Exclusive Interview with Tanzania Chamber of Commerce, Industry and Agriculture

In this exclusive interview, Magdalene Mkocha, the Acting Executive Director of Tanzania Chamber of Commerce, Industry and Agriculture, gives an overview of the tanzanian economy and discusses the role of TCCIA.

Interview with Magdalene Mkocha, Acting Executive Director of Tanzania Chamber of Commerce, Industry and Agriculture (TCCIA)

Magdalene Mkocha, Acting Executive Director of Tanzania Chamber of Commerce, Industry and Agriculture (TCCIA)

To what extent does the private sector have a role to play in ensuring that there is a proper mechanism for reporting and monitoring NTBs (non-tariff barriers), and in effectively collaborating with the government to eliminate those that are reported by SMS?

We as the Tanzania Chamber of Commerce, Industry and Agriculture host the monitoring office and the system itself. The NTB Coordinator sits within our organisation, but the Chamber also participates in the forum where the private sector and the public sector meet to keep informed of reported NTBs, as well as urging the relevant organisations, ministries, departments or agencies causing these NTBs to eliminate those in question. This is called the ‘National NTB Monitoring Committee’. As one of its members, we take part in both its national and regional forums. But there is equally a regional NTB Monitoring Committee at the East African level, in which we also take part. Reporting is therefore carried out, monitored and brought up at these forums by the private sector.

There have been several initiatives on this issue, but it obviously remains a problem, in as far as it effects the system, involves unfair practices, collusion, etc. Is it fair to say that the NTBs remain a significant challenge, particularly with regard to cross-border trade in and around the EAC region?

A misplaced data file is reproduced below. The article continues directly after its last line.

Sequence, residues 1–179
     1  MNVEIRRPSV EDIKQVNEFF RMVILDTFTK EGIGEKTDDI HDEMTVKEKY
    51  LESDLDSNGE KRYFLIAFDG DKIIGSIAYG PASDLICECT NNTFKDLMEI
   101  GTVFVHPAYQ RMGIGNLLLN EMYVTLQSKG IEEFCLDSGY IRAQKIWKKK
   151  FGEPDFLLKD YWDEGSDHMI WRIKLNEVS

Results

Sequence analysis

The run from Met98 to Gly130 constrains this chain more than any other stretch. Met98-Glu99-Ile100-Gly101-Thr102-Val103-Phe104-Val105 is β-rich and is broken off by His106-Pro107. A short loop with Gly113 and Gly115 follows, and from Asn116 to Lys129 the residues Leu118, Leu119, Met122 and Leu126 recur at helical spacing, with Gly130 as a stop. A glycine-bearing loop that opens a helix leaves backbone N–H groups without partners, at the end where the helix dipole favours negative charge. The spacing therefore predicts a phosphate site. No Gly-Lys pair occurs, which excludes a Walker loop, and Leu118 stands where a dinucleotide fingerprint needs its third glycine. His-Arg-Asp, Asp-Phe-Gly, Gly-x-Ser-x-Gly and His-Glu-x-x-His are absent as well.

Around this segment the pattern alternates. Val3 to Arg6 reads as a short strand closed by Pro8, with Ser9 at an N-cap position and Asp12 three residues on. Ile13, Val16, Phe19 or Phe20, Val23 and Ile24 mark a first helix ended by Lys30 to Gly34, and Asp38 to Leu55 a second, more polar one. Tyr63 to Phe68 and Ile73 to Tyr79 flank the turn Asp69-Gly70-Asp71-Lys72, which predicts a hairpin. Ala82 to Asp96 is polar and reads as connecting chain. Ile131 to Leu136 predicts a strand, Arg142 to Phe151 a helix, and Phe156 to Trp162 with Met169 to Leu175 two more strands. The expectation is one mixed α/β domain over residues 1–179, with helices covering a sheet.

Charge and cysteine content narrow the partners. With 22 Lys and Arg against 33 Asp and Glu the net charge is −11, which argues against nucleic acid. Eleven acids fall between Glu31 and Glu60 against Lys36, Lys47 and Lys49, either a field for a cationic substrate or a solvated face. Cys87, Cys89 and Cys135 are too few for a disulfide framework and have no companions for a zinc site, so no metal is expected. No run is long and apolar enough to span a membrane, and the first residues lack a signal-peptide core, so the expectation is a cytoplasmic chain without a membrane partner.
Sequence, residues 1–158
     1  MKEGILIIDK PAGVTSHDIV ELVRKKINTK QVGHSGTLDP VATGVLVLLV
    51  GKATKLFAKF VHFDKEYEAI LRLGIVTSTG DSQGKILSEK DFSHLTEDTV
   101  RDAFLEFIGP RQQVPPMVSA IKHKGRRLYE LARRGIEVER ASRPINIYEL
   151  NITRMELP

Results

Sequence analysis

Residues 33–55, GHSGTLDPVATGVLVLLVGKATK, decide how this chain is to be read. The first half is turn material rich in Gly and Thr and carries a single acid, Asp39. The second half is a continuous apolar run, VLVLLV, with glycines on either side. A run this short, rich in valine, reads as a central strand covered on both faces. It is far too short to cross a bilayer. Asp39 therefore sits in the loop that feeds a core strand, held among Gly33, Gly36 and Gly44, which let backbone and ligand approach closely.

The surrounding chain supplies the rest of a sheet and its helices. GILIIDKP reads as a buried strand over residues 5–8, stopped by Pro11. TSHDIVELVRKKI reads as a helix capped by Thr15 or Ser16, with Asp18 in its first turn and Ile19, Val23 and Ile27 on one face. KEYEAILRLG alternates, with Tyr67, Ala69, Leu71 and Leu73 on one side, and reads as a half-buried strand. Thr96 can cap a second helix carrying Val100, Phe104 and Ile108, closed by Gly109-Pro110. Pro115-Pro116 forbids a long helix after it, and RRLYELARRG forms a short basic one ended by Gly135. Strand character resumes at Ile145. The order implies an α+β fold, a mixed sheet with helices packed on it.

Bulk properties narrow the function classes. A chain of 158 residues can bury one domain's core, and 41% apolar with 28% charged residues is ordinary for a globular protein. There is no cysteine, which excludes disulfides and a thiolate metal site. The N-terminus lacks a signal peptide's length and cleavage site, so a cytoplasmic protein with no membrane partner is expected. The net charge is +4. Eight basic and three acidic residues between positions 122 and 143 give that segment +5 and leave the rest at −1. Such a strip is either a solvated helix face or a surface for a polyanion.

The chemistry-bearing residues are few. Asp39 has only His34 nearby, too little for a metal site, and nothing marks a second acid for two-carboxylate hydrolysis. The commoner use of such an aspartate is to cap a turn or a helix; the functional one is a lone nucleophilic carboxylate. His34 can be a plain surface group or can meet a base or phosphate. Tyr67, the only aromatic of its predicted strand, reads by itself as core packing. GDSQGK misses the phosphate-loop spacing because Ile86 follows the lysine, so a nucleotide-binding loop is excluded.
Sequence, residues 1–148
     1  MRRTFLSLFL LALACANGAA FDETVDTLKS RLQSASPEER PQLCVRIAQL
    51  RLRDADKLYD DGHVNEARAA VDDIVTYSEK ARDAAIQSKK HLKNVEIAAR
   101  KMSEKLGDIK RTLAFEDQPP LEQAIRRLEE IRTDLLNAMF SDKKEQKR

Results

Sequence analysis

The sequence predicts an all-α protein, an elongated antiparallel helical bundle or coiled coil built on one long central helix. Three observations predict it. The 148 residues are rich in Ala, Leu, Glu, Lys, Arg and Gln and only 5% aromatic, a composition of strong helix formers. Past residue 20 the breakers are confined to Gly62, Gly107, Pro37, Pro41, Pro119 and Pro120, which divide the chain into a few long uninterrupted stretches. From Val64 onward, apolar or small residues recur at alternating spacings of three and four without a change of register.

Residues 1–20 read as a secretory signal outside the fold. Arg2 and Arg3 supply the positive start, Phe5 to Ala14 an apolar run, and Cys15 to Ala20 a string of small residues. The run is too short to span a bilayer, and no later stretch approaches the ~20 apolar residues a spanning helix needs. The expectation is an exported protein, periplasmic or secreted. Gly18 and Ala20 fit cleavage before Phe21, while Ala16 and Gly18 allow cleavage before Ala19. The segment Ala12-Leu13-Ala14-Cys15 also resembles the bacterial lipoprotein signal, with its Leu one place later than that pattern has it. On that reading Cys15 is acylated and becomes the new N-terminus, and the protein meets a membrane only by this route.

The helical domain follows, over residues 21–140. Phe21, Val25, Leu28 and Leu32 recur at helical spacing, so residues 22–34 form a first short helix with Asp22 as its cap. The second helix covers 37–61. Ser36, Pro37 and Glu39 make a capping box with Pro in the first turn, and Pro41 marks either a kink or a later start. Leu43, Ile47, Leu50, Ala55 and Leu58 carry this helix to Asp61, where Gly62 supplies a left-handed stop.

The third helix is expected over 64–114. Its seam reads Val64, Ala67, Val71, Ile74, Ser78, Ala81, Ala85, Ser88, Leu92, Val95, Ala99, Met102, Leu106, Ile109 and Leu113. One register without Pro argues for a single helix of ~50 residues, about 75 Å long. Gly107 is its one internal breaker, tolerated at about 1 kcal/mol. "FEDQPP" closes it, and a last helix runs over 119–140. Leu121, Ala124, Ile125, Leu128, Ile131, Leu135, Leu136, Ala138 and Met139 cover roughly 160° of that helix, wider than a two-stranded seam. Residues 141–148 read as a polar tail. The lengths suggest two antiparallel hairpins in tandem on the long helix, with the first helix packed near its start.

The elimination or reduction of NTBs is still a challenge, given that new NTBs evolve from time to time, and as such is something that requires continuous effort. Even in cases where we have seen a reduction in some NTBs, albeit not their total elimination, we see new NTBs springing up, being reported through the system and then resolved.

How has the Tanzanian government performed in terms of implementing the infrastructure components of their medium-term development plan, which runs from 2015?

I would say that it is in the process of being implemented. The government’s recently-launched 5-year development plan seeks to prioritise issues related to infrastructure and energy, among others, but the issue of industrialisation is equally being addressed. In this year’s budgetary allocation, you will find that energy and infrastructure have been the country’s priority sectors. Therefore, my assessment is that it is still in the process of being implemented.

They have big plans. Gas has now been found off-shore, and the government wants to set up refineries, perhaps LNG (Liquid Natural Gas), they’re looking to build new power stations, and they want Tanzania to become a major transhipment hub, for energy and the broader region. But obviously, these things are very expensive, as they involve huge capital projects and may take decades to come to fruition.

True, although these are not government projects per se. The government is giving energy priority in its plans, but is also seeking to attract investment both from inside and outside to come and invest in these areas, such as gas exploration, energy distribution, etc.

Will the TCCIA have an increasingly important role to play?

Of course, because we also coordinate incoming business delegations. We recently received the Austrian business delegation. Yesterday, we hosted the India-Tanzania Business Forum, and whenever we meet with them, we also draw their attention to the country’s investment opportunities. As such, we have a significant role to play, but also in terms of motivating domestic investors to enter into partnerships wherever necessary. When business delegations arrive, we seek to link them up with these local partners for B2B meetings. These are designed to bring together local and foreign investors, in the context of facilitation by the TCCIA.